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Corrie continues to reflect on her childhood. At age fourteen, Corrie meets Karel, one of Willem’s university friends, and falls in love. Tante Bep contracts tuberculosis, and Mama is sick with gallstones and strokes. When Corrie asks how they might make Tante Bep happier, Mama tells Corrie that happiness is something we make inside ourselves. After Tante Bep dies, Tante Jans learns she has diabetes. To save on medical costs, Corrie begins testing Tante Jans’ blood each week while Tante Jans continues to work at creating a soldiers’ center. Willem becomes an ordained minister and marries Tine.
At age twenty-one, Corrie sees Karel at Willem’s wedding. Tante Jans learns that she has only weeks to live, to which she replies with the strength and faith that Father referenced in his train ticket analogy. Four months after Tante Jans’ funeral, the family attends Willem’s first sermon. Karel also attends, and he and Corrie go on daily walks. Willem warns Corrie that Karel will never marry her because his mother expects him to marry someone wealthy. When Karel visits next, he brings his wealthy fiancée, breaking Corrie’s heart. Father consoles her with the advice that God will give her the perfect way to love when the time is right.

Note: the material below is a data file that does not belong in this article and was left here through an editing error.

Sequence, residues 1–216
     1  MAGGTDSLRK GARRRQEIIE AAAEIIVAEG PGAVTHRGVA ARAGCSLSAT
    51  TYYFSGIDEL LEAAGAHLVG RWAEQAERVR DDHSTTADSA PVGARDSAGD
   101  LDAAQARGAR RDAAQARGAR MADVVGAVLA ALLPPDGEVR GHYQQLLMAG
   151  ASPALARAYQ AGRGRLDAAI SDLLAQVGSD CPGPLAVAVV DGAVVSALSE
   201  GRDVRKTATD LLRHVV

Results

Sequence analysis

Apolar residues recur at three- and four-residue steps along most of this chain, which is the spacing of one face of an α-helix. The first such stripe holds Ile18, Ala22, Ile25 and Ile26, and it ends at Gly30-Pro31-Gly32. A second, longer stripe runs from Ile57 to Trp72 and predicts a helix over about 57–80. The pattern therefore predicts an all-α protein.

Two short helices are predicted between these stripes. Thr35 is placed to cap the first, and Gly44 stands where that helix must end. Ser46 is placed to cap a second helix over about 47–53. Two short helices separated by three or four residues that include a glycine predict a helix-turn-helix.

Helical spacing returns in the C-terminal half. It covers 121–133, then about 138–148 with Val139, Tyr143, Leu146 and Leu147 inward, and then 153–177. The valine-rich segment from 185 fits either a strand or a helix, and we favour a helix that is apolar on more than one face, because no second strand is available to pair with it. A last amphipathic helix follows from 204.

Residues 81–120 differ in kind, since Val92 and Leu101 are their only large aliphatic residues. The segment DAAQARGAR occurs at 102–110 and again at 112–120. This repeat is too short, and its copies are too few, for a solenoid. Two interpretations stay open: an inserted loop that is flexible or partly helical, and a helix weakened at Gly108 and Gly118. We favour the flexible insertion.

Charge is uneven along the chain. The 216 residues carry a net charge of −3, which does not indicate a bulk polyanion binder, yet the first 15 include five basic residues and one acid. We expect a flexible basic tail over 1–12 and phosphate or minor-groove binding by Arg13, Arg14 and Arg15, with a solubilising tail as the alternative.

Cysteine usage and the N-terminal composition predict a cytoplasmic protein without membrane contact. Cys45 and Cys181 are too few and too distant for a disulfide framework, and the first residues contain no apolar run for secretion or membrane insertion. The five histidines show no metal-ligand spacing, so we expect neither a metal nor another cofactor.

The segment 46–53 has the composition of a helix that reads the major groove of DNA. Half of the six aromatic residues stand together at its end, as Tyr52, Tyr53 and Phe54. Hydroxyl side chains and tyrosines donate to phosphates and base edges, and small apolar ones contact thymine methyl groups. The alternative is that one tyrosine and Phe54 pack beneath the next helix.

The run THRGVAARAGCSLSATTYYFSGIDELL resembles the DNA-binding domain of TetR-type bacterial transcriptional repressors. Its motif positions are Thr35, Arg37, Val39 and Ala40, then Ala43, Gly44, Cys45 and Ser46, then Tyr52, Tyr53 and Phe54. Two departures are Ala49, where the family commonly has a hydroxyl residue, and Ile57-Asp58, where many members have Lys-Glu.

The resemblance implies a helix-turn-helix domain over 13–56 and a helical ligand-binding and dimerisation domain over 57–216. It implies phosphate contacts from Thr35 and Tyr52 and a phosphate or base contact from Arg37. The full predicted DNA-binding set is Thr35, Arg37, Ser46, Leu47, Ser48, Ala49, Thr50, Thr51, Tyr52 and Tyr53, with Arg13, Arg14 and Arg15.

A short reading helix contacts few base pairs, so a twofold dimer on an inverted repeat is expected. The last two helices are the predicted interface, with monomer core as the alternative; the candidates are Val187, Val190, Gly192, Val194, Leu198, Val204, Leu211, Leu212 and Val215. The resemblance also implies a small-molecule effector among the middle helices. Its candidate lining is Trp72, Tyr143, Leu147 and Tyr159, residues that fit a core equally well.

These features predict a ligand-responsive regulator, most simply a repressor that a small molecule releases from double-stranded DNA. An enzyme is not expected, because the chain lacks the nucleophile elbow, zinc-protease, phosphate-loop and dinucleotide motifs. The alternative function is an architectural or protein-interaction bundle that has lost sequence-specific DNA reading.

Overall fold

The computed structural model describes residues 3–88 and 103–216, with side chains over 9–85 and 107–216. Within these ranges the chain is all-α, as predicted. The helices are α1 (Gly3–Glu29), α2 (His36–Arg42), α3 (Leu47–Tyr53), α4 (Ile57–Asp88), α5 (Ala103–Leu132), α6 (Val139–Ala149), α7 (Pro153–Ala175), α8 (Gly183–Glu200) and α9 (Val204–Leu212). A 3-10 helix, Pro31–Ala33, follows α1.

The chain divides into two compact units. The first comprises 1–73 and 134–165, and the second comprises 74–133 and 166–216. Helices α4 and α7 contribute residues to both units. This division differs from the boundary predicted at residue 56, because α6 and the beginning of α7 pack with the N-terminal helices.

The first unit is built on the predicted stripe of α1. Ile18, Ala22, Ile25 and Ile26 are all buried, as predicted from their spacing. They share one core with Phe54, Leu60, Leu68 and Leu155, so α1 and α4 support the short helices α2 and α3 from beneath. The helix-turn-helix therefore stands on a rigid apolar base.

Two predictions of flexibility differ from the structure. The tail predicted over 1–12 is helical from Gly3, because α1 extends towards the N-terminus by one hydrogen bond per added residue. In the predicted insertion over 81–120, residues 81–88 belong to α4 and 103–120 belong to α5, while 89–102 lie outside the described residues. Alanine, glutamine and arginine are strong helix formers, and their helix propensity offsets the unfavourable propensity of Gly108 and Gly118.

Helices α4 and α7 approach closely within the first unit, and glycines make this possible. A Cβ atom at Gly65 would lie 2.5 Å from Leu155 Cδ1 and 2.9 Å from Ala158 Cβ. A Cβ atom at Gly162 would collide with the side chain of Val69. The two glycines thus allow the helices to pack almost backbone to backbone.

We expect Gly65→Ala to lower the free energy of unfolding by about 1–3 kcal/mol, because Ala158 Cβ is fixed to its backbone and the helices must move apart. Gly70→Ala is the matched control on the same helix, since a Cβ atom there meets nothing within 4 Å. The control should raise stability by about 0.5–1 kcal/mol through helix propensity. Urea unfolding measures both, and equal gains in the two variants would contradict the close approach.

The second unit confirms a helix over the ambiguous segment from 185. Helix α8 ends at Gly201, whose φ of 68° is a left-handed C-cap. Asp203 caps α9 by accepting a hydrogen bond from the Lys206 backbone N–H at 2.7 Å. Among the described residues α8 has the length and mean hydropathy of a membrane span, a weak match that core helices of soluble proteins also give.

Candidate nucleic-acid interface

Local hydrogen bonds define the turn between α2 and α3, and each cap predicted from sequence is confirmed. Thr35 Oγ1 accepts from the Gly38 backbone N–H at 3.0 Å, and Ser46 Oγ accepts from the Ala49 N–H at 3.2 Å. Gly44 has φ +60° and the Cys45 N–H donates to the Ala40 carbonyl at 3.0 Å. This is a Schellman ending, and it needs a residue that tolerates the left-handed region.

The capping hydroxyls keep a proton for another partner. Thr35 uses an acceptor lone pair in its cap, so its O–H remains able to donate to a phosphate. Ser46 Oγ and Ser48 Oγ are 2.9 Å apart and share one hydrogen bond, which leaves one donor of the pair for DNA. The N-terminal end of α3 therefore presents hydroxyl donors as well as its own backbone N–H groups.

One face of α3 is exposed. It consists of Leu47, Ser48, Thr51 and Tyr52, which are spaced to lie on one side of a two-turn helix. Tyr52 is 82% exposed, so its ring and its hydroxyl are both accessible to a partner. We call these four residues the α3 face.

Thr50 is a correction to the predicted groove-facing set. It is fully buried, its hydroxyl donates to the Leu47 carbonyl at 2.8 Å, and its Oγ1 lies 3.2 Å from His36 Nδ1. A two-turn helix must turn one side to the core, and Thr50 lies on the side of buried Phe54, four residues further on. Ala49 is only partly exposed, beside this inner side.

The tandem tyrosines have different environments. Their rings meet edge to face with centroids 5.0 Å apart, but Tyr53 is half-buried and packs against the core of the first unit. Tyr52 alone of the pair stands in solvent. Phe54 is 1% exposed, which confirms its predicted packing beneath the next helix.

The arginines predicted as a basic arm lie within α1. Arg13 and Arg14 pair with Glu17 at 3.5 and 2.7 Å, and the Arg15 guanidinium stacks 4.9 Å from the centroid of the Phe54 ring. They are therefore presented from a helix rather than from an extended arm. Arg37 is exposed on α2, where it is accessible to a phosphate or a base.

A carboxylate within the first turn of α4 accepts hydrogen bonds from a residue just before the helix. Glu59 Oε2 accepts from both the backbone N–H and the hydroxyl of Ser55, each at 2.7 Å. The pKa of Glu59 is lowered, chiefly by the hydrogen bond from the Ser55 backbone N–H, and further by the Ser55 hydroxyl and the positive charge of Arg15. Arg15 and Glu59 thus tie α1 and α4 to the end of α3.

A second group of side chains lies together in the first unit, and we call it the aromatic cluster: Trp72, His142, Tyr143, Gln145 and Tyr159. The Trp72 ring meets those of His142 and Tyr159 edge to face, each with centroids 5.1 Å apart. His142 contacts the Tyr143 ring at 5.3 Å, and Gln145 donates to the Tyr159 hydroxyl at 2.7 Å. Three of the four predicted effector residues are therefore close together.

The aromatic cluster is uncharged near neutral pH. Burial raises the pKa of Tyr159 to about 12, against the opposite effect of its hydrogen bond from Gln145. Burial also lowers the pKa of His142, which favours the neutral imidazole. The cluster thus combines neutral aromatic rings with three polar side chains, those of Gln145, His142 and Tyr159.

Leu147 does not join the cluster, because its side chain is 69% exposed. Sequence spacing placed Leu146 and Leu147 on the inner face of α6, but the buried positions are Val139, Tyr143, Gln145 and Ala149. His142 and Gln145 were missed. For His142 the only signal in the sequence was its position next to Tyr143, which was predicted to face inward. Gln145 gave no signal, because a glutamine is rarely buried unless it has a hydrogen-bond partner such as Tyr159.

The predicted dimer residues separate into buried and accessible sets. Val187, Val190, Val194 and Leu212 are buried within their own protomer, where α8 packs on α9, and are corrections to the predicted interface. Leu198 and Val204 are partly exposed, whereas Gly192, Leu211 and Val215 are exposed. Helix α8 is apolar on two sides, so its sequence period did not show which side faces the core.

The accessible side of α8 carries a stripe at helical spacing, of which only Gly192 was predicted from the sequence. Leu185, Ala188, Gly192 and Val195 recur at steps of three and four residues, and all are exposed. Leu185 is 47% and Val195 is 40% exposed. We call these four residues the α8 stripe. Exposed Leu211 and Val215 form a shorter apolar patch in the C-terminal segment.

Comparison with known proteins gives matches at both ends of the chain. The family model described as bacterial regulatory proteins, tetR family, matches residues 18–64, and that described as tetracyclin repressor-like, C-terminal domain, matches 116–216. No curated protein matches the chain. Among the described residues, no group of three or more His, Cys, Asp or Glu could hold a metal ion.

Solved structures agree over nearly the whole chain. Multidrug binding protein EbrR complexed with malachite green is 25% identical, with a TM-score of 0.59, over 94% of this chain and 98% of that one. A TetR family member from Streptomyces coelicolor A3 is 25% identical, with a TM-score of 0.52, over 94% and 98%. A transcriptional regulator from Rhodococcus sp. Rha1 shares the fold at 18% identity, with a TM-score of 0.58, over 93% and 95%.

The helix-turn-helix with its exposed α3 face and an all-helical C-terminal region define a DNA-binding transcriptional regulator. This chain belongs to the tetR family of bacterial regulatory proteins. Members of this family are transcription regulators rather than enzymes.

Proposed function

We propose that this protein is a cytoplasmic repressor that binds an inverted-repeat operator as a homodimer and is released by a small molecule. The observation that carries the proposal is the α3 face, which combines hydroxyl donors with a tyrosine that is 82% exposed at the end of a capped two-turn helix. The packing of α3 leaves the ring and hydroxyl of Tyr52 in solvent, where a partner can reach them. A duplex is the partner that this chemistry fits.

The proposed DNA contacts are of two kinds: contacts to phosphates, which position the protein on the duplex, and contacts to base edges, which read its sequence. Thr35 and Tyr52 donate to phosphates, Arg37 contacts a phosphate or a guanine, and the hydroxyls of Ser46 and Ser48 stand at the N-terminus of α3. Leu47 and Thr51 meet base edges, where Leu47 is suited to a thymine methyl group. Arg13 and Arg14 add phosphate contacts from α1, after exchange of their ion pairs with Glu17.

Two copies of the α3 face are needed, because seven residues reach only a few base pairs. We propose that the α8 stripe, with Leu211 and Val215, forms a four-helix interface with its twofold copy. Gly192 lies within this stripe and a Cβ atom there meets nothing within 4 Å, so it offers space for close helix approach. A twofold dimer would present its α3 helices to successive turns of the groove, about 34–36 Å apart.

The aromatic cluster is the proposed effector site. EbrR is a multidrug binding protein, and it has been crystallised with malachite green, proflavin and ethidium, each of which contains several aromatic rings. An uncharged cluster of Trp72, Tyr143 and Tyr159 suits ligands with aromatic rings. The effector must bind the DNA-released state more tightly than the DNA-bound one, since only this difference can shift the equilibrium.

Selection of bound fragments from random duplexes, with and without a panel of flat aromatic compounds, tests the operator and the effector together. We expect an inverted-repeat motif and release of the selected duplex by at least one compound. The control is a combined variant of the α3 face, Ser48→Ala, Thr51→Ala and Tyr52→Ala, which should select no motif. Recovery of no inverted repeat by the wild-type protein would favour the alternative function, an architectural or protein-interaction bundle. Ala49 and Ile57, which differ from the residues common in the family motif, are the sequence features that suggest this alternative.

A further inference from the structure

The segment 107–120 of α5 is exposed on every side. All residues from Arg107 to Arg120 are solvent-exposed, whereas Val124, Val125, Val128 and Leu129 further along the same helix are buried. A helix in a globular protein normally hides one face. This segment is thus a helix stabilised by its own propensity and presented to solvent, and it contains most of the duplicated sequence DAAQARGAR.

In 1918, Mama suffers a cerebral hemorrhage and goes into a coma. Two months later, she regains consciousness and some mobility. Although Mama can barely speak, she still has a great capacity for love. When Nollie marries Flip van Woerden, Mama is radiant and even sings her favorite hymn but dies peacefully four weeks later. Betsie becomes ill, so Corrie takes over the shop’s sales and bookkeeping for her. Soon, Corrie and Betsie realize they are happier swapping roles. Betsie loves keeping house, and Corrie feels eager to learn Father’s trade.